Configure RTC (Real Time Clock) on Raspberry PI


Configure RTC (Real Time Clock) on Raspberry PI

16 February, 2016 DIY, Raspberry Pi 2

Raspberry PI hasn’t got a real time clock, because that we need an internet connection in order to keep right date and time. This may be a problem if we are working on an off-line application and we need to have date and time when the system starts.

There are a lot of integrated circuits which implement this function. By means of a cell or super-cap, they help us to keep the date and time. Most frequently used I.C. are DS1307 and DS3231, both from Dallas.

In this tutorial we are going to put the focus in other I.C, similar to DS1307 but cheaper. It is MCP7490N, from Microchip. This device is integrated in IRP-102 Hat Board.

Though is very similar to DS1307, there are some small differences to make it works with Raspberry Pi. This guide has been done with Raspbian as operating system.

Follow these steps:

1. System update:

The first step is ensuring that our operating system is up to date. For that type these commands in terminal.

2. Enable I2C

We have to check that I2C bus is enabled. If not, we must to switch it on. Run the de configuration assistant this way.

RTC Config 1

RTC Config 1

 Select option 9: Advanced options. Then choose option  A7: I2C.

RTC Config 2

RTC Config 2

Then you be asked if we want to enable I2C. Choose YES.

RTC Config 3

RTC Config 3

Get out of raspi-config. In the next restart of the system i2c modules will be loaded by default.

3. Install i2c-tools

This is an utility package for I2C managing.

When the installation process have finished, type:

This command scans all devices connected to I2C bus. The second parameter means the BUS ID, we must use 1 for Raspberry PI B+, B(rev 2) and  A+, For the old model B (rev 1) we use 0 as bus ID. We’ll get something like that:

You have to check device in position 6F is showed. This means RTC have been detected.

4. Setting up hardware RTC

First, you can replace the file /etc/init.d/ with this. This file is already modified.
Or just

from shell and continue with step “5. Module loading at boot”.
If you prefer, you can do changes yourself modifing /etc/init.d/ to initialize clock’s i2c device.
Create RTC initialization function, in first lines of the file, after the line containing “unset TZ”:

Call it from the “start” section. To be specific, insert “init_rtc_device” call right after this fragment into “hwclocksh()” function:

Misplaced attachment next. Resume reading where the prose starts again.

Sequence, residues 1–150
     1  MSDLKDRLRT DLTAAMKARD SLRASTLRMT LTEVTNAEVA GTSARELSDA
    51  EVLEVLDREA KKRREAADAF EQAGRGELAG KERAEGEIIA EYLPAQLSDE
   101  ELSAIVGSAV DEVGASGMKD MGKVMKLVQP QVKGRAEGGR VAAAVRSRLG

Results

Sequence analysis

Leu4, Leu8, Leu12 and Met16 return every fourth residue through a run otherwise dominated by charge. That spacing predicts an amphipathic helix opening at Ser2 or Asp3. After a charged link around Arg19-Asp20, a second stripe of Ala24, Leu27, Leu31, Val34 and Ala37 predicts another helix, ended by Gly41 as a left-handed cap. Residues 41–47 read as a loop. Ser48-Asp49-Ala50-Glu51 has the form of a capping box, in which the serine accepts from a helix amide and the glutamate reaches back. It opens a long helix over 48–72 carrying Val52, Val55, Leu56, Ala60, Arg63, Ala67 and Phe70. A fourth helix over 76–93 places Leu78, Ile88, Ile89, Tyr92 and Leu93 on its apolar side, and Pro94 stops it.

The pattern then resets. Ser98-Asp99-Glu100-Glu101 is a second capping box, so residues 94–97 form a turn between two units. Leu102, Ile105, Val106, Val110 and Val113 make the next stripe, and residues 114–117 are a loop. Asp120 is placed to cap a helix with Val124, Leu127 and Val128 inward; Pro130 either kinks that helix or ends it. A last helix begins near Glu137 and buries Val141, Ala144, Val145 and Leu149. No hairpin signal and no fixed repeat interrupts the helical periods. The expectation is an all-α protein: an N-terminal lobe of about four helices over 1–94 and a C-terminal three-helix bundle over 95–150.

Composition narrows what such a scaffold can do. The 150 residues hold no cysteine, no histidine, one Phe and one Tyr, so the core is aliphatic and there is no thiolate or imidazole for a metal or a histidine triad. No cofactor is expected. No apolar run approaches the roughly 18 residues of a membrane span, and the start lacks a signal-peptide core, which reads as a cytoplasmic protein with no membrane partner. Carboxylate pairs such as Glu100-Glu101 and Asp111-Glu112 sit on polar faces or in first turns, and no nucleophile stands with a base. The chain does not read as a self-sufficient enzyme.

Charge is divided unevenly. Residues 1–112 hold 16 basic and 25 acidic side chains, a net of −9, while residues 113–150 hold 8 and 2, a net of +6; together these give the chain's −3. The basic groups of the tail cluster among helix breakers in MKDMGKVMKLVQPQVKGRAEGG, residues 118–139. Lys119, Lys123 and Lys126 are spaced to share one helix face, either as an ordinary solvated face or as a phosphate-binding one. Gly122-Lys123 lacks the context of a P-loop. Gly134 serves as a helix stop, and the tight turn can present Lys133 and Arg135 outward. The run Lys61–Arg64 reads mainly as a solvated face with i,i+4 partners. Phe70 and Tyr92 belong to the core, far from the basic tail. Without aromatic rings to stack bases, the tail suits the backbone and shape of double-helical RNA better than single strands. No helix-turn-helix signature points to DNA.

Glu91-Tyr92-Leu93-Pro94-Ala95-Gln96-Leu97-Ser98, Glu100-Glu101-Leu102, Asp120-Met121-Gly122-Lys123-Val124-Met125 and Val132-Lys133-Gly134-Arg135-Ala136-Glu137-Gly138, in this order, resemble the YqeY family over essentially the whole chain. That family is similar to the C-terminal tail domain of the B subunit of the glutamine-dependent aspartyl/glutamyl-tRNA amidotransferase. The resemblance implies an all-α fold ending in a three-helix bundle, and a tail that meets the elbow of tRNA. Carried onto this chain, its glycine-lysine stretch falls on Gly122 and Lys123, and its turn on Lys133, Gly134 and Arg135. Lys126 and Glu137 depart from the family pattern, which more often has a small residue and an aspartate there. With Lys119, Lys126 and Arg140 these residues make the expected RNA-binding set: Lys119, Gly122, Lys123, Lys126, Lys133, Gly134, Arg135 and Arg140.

We also have to comment out/remove udev check as our RTC won’t be handled by it

Now, save file.

5. Module loading at boot

Edit rc.local

and then add these lines just before of exit 0

Get out the editor saving changes.

6. Enable hwclock and disable fake

Update the real HW Clock and remove the fake

Now that real hardware clock is installed, remove the fake package and it’s crons

Next, reboot

and check if /dev/rtc0 is present and/or “sudo hwclock -r” successfully gets time from RTC.
Also, you check if everything is OK typing this command on shell

you should get:

UU characters means that device at this position is in use.

7. Set date and time in RTC

You can set date and time in the clock I.C in two ways, by hand or by setting the RTC time with the system time assuming that system time is valid. Check this with date command:

If system time is OK, you can set the RTC time with system time typing.

If the system hasn’t got right time you can set RTC manually this way

To show date and time kept in RTC use:

you get:

To set system date and time from RTC you must use:


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  1. Sergey

    3 July, 2016

    IngeniApp team,
    seems that you have a typo in section 4, while moving script to init.d:
    should be
    sudo mv /etc/init.d/

    • IngeniApp

      4 July, 2016

      You are right. Fixed up.

      Thank you

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